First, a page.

The term “Search Engine Optimization,” or SEO, has become a catch-all for appeasing Google’s (GOOG) search algorithm. That is, SEO is anything and everything a company does to make sure their company’s web pages coincide with highly used search terms, and thus appear highly on Google search rankings. And being on top of those rankings is big business. Because in internet advertising, Google is king.
Google accounts for 56 percent of the entire world’s internet ad revenues. That’s a lot of money sitting out there, and a lot of internet companies are vying to take their slice. If a website is not a transaction-based business and relies on advertising to make its money, solid SEO is what catapults your company over your competitors. The first page of a Google search get 58.4 of all the clicks, and the number one result alone gets 36.4. The website with the highest rankings, wins.
But what does “win” mean? Win means you got that click, and thus the ad revenue from AdSense or one of Google’s other advertising platforms. The content – that is, what the user sees after the click – is almost besides the point. If you get the click, you get the money. Having the right keywords, link stuffing, provocative titles, all are fair game in that quest for the top spot.
But those days of low-quality content engineered to get the most clicks might be completely on the way out. In May 2013 Matt Cutts, the head of “web spam” on Google’s Search Quality team, announced that Google would be deploying Penguin 2.0, an algorithm update that would close out the less savory SEO practices. Before Penguin was the update Panda, which also targeted SEO content. The implementation of Panda cost Demand Media (DMD) 6.4 million in the fourth quarter of 2011 alone.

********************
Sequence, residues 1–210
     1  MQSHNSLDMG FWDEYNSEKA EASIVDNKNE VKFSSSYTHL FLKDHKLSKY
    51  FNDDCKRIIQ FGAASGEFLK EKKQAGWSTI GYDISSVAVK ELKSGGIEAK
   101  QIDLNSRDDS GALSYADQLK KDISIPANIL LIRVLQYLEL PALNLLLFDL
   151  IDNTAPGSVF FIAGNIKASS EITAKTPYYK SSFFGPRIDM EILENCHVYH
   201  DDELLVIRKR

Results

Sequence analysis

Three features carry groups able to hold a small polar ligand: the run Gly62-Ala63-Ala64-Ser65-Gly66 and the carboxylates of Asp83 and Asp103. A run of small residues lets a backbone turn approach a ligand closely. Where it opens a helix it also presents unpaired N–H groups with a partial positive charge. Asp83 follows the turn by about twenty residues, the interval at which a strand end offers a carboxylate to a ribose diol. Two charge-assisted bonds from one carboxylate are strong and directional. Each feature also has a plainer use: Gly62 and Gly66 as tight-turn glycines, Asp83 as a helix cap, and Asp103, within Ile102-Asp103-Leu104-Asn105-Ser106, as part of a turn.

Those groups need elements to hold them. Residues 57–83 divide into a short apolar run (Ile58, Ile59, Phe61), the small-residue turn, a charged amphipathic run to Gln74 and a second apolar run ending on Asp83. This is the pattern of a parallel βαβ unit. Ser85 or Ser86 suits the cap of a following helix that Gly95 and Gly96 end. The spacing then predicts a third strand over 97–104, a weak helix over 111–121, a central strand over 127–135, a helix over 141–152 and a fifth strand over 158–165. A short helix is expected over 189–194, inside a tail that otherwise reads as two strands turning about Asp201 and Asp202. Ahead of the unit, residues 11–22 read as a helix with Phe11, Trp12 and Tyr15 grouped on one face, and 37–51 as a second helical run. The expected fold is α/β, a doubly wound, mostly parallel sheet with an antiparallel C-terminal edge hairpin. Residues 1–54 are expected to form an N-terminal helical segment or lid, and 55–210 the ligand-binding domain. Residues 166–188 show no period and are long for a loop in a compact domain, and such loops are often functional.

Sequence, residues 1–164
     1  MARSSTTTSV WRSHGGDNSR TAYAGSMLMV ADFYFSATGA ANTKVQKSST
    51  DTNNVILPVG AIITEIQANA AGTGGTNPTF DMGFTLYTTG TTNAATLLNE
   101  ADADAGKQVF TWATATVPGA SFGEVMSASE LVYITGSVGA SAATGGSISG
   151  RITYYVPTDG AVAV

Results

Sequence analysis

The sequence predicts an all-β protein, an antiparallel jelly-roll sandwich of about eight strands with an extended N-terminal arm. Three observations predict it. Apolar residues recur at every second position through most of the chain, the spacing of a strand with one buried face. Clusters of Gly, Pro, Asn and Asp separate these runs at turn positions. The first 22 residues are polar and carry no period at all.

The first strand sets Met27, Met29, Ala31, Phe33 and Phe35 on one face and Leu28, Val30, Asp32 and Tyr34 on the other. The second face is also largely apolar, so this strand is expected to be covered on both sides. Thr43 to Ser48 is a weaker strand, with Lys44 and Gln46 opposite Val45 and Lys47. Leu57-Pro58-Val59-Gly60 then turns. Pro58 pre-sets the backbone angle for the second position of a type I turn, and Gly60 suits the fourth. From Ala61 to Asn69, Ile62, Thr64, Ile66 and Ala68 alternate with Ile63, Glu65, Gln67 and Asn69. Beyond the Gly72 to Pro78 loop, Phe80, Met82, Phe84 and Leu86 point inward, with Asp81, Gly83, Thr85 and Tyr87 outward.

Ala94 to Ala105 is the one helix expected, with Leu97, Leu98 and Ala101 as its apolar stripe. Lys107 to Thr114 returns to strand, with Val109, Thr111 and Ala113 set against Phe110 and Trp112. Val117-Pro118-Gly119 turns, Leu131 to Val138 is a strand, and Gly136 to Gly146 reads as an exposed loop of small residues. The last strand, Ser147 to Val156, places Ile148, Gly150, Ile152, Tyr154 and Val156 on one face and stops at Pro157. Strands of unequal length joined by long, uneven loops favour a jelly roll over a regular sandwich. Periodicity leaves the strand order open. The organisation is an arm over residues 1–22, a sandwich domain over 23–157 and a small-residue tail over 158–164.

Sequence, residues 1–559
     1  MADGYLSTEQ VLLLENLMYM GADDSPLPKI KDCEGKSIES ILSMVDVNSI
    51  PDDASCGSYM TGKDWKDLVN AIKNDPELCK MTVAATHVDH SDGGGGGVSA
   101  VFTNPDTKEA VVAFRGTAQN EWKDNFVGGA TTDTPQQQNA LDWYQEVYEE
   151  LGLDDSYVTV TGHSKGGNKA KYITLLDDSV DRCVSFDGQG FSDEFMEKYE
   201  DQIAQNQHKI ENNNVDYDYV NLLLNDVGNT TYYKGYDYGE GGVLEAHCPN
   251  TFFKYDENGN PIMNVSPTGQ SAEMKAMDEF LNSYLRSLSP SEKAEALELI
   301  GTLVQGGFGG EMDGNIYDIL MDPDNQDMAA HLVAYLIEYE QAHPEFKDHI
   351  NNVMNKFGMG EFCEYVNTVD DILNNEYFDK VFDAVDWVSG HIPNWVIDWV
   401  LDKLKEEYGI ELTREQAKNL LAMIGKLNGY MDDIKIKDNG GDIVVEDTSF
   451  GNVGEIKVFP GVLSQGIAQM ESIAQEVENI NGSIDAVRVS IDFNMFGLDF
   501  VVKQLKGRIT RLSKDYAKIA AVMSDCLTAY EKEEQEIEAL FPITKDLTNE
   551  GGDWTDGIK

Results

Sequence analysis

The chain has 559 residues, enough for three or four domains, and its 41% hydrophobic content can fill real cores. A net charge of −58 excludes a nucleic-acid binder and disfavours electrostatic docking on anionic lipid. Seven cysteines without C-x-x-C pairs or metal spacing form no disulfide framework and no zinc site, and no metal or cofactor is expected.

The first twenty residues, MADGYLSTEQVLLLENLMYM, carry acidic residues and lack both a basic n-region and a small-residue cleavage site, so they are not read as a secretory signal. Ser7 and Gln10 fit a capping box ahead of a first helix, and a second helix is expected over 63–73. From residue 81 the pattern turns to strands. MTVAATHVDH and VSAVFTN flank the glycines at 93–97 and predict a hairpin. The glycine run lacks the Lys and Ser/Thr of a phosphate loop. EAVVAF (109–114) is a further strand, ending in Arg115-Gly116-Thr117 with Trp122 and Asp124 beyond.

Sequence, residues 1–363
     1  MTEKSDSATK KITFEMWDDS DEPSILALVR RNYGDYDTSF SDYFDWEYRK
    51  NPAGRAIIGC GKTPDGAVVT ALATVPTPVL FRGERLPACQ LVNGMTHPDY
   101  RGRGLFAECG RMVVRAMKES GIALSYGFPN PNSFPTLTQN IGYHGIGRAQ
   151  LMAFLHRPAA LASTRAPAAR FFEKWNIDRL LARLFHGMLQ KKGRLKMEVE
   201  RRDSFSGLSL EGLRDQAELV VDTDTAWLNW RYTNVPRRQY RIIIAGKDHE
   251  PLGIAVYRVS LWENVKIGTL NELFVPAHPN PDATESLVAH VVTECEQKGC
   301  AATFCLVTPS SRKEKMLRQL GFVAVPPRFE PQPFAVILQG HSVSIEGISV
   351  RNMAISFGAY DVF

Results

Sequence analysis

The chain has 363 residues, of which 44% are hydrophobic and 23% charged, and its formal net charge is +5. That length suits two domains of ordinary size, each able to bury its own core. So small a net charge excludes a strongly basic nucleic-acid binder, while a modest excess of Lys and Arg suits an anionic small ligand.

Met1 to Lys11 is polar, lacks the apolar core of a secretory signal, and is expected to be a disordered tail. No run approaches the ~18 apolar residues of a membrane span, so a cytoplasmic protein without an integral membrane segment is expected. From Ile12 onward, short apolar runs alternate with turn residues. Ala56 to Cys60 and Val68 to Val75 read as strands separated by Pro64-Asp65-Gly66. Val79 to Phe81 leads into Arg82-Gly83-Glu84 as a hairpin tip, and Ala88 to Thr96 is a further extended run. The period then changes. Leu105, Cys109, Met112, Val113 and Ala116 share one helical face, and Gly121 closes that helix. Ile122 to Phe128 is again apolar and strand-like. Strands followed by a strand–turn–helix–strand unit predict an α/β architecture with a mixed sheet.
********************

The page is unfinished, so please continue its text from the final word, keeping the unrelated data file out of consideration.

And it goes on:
While none of these companies engage in so-called “black hat SEO” – providing zero content and maliciously tricking people into clicking their links – the following companies do rely heavily on appearing highly on Google searches to generate revenue. And if they don’t continue to keep their content levels to a standard Google sees fit, they could suffer more with every new Panda or Penguin update. For as prominent SEO analyst Adam Torkildson predicted in 2012, “SEO will be dead in two years.”
Local Corporation (LOCM) Local.com relies on promoting local business links to generate ad revenue. Local promotes themselves by asserting they make sure “your business is listed correctly across the web” – that is, that they’ll maximize your business’ SEO. Their stock is down 1.33 percent to hit $1.48 a share. Their stock has steadily tumbled, and is down 27.80 percent on the year and 77.58 percent from its price three years ago.
Demand (DMD) Demand has famously built their brand on fast, disposable content. And when Google tweaks their search algorithm to drop low quality articles, their stock takes a hit, as it did in 2011 with the rollout of Panda. Demand is up 5.22 percent to $6.65, although the stock is down 28.42 percent this year.
AOL Inc (AOL) While AOL has branched out considerably, in 2011 their “master plan” to maximize SEO leaked, and revealed their content generation process. It focused heavily on search-focused content and upping the frequency of web publications – a classic SEO strategy. AOL’s stock is up .46 percent to $36.92 a share. The stock is also up 24.69 percent on the year. AOL’s renewed focus on content so far has been largely successful since they spun off from Time Warner (TWX) in late 2009.
Yahoo! Inc (YHOO) Yahoo has remade infamous content farm Associated Content into Yahoo! Voices, and upped the standard of their content considerably. Associated Content suffered dearly during the first waves of Google’s SEO crackdown, and over 75,000 old articles from the site have been “retired” in an attempt to legitimize the viability of Voices’ content.
Yahoo’s stock is up .19 percent to $25.73 a share. They’re up 29.65 percent on the year.
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